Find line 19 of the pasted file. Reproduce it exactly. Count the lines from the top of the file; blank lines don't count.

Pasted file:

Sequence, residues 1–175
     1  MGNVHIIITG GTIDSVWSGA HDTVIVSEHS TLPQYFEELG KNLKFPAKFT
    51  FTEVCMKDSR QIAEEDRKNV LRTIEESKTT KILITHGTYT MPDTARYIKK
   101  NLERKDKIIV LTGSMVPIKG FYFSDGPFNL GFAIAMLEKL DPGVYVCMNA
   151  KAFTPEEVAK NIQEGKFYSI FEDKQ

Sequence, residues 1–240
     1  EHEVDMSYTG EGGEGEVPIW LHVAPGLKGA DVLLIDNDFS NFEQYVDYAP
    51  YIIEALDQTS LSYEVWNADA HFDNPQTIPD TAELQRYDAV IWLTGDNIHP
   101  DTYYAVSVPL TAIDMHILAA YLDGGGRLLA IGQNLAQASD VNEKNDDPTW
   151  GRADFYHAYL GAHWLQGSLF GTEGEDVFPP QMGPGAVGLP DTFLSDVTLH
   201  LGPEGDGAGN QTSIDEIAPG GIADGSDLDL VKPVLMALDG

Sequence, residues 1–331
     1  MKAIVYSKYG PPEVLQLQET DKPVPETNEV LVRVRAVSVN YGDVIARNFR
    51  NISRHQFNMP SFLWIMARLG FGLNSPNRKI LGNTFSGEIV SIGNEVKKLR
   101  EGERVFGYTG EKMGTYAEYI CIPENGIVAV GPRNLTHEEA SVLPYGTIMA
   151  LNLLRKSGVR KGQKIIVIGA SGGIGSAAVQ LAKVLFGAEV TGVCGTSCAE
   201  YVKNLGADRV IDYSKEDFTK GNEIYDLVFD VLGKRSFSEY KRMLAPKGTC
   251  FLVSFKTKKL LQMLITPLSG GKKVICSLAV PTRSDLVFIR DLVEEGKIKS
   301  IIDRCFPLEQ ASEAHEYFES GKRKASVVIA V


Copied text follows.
   301  IIDRCFPLEQ ASEAHEYFES GKRKASVVIA V